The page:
Finally, although we lose out on dividends, the US stocks can be TRADED and the profits cycled into SG REITS and other dividend stocks as well- something I have done all the time
    The growth in capital is essential as a buffer for the inflation factor that you pointed out at the end.
    Our famous passive income stalwarts AK, STE etc have done this judiciously and they are our local inspiration as far as high yield investing is concerned

    • Hi Garudadri,

      Fantastic comment as always. Really enjoyed reading your comment, and yes – I agree with the points that you raised.

    • Btw – congrats on the Euro banks pickup! Fantastic trade. Although I suppose these are long term holdings for the dividend, and so you don’t plan to sell it anytime soon?

      • Yes
        LLOY HSBA are my Long term holds and though both are significantly down on my buy price average over the past decade, their dividends – except recent cut associated loss, have helped me recoup paper losses
        With the upcoming interest rates upcycle, they will hopefully hike dividends and do well

  5. what about 2800:hk @ ~3% that tracks the hsi index, 2 weeks ago it was at 18000ish.
    current level is at 22000+/- , the average should be somewhat between 25000-28000 when it fully recover, that would ramp the dividend to above 3% and literally risk free with potential upside.

    • Well I wouldn’t say the HSI is risk free haha, but I do get what you mean. I didnt want to go with this approach because the dividend yield at 3% is much lower than 5% which was what the reader asked for. If one is able to accept a 3% yield, then the simple solution is to just buy HSI and STI ETF, get a 3% dividend, with capital gains potential.

  6. Hi FH,

    Love reading your articles. I have few questions below

    1) How about Kep Infra Trust? The infrastructure trust is similar to Netlink Trust
    2) How do you think of SG stocks with other countries besides China/HK exposure. Stocks like UtdhampshReit and Frasers L&C Trust
    3) Also, are stocks of quarterly payout better options than those that gave out in semi-annual and annual basis? If so, should we consider DBS and Mapletree Log Trust instead if they ever reach good buying price level ?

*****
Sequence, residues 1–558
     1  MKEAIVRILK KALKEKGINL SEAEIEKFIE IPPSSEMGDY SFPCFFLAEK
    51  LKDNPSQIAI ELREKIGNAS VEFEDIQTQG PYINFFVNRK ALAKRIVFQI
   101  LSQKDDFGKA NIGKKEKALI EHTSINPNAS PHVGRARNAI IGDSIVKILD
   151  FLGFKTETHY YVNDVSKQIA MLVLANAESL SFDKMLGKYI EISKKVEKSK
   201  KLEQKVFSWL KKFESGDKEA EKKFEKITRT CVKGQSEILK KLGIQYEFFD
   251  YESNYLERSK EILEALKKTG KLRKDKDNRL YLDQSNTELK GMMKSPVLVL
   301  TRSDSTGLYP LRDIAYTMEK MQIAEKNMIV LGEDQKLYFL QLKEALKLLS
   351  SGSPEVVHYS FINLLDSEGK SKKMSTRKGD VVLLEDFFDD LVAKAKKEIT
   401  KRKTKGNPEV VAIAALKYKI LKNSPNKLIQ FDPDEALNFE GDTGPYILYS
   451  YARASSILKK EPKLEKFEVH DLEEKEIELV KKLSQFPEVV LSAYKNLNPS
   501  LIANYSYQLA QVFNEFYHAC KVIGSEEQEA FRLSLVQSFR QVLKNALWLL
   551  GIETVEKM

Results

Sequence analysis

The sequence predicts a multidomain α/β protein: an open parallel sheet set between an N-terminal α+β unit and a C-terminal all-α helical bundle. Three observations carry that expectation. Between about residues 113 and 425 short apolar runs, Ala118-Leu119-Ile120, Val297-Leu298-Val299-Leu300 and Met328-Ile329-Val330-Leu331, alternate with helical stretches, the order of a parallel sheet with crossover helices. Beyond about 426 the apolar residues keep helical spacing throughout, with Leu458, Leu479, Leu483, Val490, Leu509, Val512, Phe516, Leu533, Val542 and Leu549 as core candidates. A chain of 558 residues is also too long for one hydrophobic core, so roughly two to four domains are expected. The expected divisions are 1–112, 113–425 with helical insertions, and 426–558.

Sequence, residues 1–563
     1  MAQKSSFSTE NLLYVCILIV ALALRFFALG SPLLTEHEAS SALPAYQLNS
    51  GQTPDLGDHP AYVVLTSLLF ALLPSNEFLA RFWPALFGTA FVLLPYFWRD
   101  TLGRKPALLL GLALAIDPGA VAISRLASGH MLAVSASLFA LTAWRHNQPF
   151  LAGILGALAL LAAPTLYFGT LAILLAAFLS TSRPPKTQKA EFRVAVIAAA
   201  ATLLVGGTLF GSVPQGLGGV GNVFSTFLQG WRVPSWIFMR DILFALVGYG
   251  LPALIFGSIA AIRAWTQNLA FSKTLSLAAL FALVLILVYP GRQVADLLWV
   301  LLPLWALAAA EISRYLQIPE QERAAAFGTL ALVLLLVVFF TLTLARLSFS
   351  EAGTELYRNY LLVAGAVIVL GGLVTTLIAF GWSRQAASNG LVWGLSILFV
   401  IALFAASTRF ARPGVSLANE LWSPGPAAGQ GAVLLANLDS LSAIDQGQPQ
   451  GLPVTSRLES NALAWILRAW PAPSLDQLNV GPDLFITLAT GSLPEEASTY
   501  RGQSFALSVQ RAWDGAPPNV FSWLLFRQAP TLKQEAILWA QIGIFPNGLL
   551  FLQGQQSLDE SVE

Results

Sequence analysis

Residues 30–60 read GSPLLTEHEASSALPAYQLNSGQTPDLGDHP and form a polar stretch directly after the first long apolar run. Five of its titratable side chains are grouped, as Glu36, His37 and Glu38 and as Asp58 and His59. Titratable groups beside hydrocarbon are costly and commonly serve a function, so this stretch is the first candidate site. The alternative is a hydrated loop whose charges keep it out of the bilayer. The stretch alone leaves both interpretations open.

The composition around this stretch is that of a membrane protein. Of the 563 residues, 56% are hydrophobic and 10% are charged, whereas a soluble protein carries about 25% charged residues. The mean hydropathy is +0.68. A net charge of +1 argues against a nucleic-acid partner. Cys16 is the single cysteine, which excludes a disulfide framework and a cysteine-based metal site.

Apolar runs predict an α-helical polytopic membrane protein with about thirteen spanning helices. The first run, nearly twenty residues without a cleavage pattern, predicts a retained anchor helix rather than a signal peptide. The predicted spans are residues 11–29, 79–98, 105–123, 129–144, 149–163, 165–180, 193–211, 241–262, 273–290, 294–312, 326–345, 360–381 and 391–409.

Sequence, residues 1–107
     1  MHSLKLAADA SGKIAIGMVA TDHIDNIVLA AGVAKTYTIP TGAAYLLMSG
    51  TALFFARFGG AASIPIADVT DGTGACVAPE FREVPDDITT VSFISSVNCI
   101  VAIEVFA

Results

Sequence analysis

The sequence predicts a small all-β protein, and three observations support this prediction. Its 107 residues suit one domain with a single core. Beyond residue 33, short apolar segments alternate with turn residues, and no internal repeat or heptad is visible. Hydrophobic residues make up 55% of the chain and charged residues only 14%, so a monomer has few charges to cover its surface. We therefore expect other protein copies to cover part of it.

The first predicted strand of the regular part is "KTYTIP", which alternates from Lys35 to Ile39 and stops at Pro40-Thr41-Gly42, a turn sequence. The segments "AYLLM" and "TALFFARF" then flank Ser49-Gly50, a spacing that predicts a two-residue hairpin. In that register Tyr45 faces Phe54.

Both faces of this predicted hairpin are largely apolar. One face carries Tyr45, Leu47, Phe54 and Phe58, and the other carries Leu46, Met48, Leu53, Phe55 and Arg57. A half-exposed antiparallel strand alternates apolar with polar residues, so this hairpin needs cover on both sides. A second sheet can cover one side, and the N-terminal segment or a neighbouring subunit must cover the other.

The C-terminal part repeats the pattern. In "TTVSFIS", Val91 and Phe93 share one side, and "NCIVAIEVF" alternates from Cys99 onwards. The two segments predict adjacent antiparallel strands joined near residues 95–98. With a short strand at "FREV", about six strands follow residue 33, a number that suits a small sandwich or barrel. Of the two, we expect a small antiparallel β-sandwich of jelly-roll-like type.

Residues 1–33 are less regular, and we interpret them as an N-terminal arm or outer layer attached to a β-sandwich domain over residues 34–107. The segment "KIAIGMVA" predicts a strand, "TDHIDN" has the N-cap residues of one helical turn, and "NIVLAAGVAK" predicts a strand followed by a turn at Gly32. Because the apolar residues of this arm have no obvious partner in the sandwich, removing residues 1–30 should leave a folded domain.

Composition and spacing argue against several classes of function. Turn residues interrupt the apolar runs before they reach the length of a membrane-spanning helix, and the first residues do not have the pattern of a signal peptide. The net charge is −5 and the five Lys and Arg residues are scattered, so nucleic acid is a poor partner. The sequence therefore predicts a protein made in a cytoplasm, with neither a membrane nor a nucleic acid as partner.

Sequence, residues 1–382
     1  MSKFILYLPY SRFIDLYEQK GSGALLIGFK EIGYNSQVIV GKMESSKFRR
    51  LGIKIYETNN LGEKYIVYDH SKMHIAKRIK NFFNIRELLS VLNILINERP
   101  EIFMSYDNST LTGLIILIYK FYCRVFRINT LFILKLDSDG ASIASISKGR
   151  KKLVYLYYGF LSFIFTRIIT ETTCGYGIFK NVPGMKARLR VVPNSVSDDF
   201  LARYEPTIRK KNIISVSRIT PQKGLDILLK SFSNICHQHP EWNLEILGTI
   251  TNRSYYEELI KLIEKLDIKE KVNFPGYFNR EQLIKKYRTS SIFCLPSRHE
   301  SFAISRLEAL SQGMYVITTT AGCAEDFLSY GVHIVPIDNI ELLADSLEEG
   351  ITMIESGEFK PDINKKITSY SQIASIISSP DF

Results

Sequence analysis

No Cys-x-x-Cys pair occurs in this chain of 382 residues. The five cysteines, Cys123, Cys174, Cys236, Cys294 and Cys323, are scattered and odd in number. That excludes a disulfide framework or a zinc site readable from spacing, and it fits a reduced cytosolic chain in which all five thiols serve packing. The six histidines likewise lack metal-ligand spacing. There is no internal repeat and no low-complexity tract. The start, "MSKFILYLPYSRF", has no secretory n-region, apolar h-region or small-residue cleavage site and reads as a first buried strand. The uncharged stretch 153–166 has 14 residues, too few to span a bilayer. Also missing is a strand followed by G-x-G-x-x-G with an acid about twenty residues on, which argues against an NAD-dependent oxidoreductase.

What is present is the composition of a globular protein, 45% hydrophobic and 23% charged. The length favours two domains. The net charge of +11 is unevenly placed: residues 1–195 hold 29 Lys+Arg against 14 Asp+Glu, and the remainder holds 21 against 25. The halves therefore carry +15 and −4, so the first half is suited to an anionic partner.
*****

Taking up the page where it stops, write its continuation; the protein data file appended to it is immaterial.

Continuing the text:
• Hi Ed,

      Thanks for the support!

      My replies below:

      1) Yeah quite a few have asked about KIT. Simple answer is that I have not looked into it closely, so I cannot comment on the yield stability as compared to Netlink.

      2) Real estate is a local business. I am not familiar with Aussie or US real estate, so I dont invest in those REITs. For investors who are familiar, feel free to go ahead.

      3) This one is a personal choice. Those who rely on the dividends for cash flow might like quarterly payouts. For me frankly it doesnt make a difference. DBS and MLT are good counters, but I didn’t include them because I think they are on the pricey side, and their yields would be a drag on this portfolio which is trying to hit a 5% average yield.

  7. I like how you balance out the interest rate risk by including local banks.
    Simple and effective.
    However, I’m not keen on netlink trust currently. Almost no room to go up. Should the market break and we see a sell-off then yeah definitely.

    • Agreed that capital gains potential for Netlink is limited here. But with the pace of rate hikes and QT to come, who knows what will happen next 😉

  8. its hard to catch bottom but if one had an average buy price at 18000-20000 and assuming the dividend payout stays at 3% when it recovers to the 28000-30000 level, you will be sitting on huge capital gain and if one decides not to sell, the return based on the low entry price is somewhere between 4-5% dividend payout

    is this a viable strategy?

  9. My apologies, speaking as an American living in Sg – is the tax on US dividends you mention specific to Singaporeans? Otherwise, qualified dividends and capital gains in the required income range you are mentioning would be taxed at 15% max, and likely at 0%.